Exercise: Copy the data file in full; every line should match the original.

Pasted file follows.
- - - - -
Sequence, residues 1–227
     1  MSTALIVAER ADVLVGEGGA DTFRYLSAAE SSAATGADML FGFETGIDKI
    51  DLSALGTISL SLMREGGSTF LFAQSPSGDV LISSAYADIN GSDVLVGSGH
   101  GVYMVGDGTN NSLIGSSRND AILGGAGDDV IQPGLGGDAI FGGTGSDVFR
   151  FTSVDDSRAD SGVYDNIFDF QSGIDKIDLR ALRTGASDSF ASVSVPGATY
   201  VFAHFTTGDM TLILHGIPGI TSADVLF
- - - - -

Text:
Sequence, residues 1–227
     1  MSTALIVAER ADVLVGEGGA DTFRYLSAAE SSAATGADML FGFETGIDKI
    51  DLSALGTISL SLMREGGSTF LFAQSPSGDV LISSAYADIN GSDVLVGSGH
   101  GVYMVGDGTN NSLIGSSRND AILGGAGDDV IQPGLGGDAI FGGTGSDVFR
   151  FTSVDDSRAD SGVYDNIFDF QSGIDKIDLR ALRTGASDSF ASVSVPGATY
   201  VFAHFTTGDM TLILHGIPGI TSADVLF